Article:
The ACLU of Idaho is warning school districts against graduation dress codes. The ACLU says many Idaho high schools have rules requiring girls to wear dresses or skirts and boys to wear pants to graduation ceremonies. The organization says when schools mandate gender specific clothes, they violate federal laws as well as students’ constitutional rights.
ACLU of Idaho acting director Leo Morales says a letter his organization has sent to all Idaho districts is meant to help schools avoid last minute problems as they prepare for end of year activities.
“If [students] are forced to dress in a certain manner which they believe violates their constitutional rights, they could challenge those schools," Morales says. "Those schools then will be caught in a difficult situation of trying to make changes to their policies.”
An ACLU press release particularly singles out south Idaho’s Cassia School District.
“…where girls are instructed to wear a ‘white or pastel dress or white or pastel blouse and skirt’ to graduation; boys are instructed to wear pants, but cannot wear sandals, though girls can,” the press release reads.
Cassia superintendent Gaylen Smyer says dress codes at his district’s five high schools were written decades ago and he realizes the world is a different place now.
“Until an issue’s raised sometimes we don’t think about the continued implications of decisions that were made way back when,” Smyer says.
Morales says districts shouldn’t wait until issues are raised.
“It’s important, and it should be good practice for all school districts to review their written or customary practices to ensure they are not violating the law and upholding the constitutional rights of students and teachers,” Morales says.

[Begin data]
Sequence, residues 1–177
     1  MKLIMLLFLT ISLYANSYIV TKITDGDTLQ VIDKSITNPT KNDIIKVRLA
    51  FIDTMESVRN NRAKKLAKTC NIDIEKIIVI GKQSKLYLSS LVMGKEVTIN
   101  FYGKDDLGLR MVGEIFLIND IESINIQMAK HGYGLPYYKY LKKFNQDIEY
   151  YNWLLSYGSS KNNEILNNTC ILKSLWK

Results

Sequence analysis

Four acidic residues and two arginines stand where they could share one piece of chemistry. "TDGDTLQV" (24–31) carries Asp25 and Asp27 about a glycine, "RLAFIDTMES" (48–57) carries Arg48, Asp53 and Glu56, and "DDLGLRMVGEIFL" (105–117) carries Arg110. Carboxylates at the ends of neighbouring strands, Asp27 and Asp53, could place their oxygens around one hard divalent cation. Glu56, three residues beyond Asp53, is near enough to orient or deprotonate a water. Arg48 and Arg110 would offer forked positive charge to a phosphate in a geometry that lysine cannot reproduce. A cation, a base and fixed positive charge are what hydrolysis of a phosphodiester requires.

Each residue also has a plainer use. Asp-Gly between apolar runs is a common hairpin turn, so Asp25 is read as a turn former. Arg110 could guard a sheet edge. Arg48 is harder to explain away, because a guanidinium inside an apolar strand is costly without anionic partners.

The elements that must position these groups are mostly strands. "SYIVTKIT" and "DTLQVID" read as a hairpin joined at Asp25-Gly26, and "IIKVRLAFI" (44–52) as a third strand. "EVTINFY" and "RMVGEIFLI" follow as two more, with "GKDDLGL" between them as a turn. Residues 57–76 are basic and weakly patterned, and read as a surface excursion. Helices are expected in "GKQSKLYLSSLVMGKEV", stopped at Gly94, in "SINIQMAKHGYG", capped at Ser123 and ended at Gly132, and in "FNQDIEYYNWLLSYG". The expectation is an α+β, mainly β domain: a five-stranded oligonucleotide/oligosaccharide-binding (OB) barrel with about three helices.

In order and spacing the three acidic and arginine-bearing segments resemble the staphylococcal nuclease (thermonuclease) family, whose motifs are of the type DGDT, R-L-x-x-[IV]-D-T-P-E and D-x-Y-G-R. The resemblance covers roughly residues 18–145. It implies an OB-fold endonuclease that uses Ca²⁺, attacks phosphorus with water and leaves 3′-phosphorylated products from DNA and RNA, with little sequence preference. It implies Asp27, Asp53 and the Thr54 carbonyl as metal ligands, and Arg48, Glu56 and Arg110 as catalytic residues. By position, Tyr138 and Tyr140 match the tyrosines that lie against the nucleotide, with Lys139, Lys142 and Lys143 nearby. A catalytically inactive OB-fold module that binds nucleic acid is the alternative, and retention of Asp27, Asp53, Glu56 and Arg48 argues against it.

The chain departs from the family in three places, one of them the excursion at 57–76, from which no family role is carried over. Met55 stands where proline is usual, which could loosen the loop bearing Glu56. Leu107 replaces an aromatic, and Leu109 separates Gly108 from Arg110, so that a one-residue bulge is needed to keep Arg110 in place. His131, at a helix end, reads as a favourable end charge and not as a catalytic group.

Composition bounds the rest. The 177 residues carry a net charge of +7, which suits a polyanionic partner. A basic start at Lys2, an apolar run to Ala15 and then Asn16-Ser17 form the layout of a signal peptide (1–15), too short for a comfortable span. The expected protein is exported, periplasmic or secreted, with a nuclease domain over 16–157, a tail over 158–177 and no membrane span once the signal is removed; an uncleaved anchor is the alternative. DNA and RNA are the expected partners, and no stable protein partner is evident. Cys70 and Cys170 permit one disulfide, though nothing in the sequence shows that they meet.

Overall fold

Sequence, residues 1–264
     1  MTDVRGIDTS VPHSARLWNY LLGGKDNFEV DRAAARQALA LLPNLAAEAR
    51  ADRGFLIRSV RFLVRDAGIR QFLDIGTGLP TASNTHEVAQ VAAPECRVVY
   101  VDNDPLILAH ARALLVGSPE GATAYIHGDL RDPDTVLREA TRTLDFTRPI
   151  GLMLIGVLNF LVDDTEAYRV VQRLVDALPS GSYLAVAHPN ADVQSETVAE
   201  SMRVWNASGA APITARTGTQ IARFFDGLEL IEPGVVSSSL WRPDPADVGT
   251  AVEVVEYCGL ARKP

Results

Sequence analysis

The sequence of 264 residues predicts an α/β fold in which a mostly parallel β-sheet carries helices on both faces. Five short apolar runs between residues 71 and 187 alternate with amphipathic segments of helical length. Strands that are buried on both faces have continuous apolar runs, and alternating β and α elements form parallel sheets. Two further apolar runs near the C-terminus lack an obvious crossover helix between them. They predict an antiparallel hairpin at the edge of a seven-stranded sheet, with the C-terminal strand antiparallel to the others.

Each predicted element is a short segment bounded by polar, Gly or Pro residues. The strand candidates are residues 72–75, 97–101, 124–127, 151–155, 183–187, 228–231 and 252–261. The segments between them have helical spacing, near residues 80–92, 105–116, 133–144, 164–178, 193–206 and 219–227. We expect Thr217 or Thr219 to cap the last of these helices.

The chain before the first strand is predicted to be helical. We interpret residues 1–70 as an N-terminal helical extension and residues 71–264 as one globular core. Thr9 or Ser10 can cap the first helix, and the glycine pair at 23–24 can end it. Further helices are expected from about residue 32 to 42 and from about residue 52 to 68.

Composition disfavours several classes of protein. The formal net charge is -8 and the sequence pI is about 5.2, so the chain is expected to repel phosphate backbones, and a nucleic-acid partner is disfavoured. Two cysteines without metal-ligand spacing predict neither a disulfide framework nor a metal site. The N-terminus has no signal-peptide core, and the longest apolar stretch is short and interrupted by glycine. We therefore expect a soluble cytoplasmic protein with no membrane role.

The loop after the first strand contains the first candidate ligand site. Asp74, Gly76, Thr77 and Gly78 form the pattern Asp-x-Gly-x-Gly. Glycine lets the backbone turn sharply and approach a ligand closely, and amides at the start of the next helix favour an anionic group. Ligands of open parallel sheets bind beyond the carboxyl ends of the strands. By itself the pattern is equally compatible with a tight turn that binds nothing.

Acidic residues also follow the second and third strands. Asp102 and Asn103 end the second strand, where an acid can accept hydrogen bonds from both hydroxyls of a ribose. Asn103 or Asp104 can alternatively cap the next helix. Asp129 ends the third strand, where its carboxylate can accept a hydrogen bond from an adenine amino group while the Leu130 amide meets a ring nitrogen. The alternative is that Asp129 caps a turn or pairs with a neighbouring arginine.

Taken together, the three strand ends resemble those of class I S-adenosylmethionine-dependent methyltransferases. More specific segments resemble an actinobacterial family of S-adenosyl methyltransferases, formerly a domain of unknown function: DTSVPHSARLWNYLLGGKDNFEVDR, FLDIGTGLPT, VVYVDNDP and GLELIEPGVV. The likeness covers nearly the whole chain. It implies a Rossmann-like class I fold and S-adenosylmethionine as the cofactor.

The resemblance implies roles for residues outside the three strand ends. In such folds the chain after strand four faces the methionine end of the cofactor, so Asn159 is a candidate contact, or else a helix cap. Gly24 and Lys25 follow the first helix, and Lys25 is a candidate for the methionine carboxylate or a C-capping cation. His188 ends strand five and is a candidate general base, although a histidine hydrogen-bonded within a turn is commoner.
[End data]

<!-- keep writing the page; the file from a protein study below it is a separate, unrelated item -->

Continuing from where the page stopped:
Smyer says graduations are important ceremonies and it is appropriate for schools to ask students to dress with dignity. But he says the ACLU message has merit.
“So will we revisit that and try to make that less gender specific?” Smyer says. “I would suspect the answer is yes.”
Cassia and the ACLU have been at odds since last October over a Declo High School student who alleges she was discriminated against, in part for not being a member of the LDS Church, which is the majority religion in south-central and southeast Idaho.
Morales says because they are working with Declo High, someone gave the ACLU of Idaho a copy of a handout being sent home with seniors outlining graduation rules. He says that’s what prompted the ACLU’s letter to all districts on gender-specific dress codes.
ACLU of Idaho legal director Richard Eppink had some strong words for Cassia in the organization's press release.
“Cassia County School District, for instance, is a district that’s been trying to convince us for the entire past school year that its people don’t discriminate, and yet here it is, in black and white,” Eppink writes. “It is 2015 here in Idaho, but sometimes you wouldn’t know it.”
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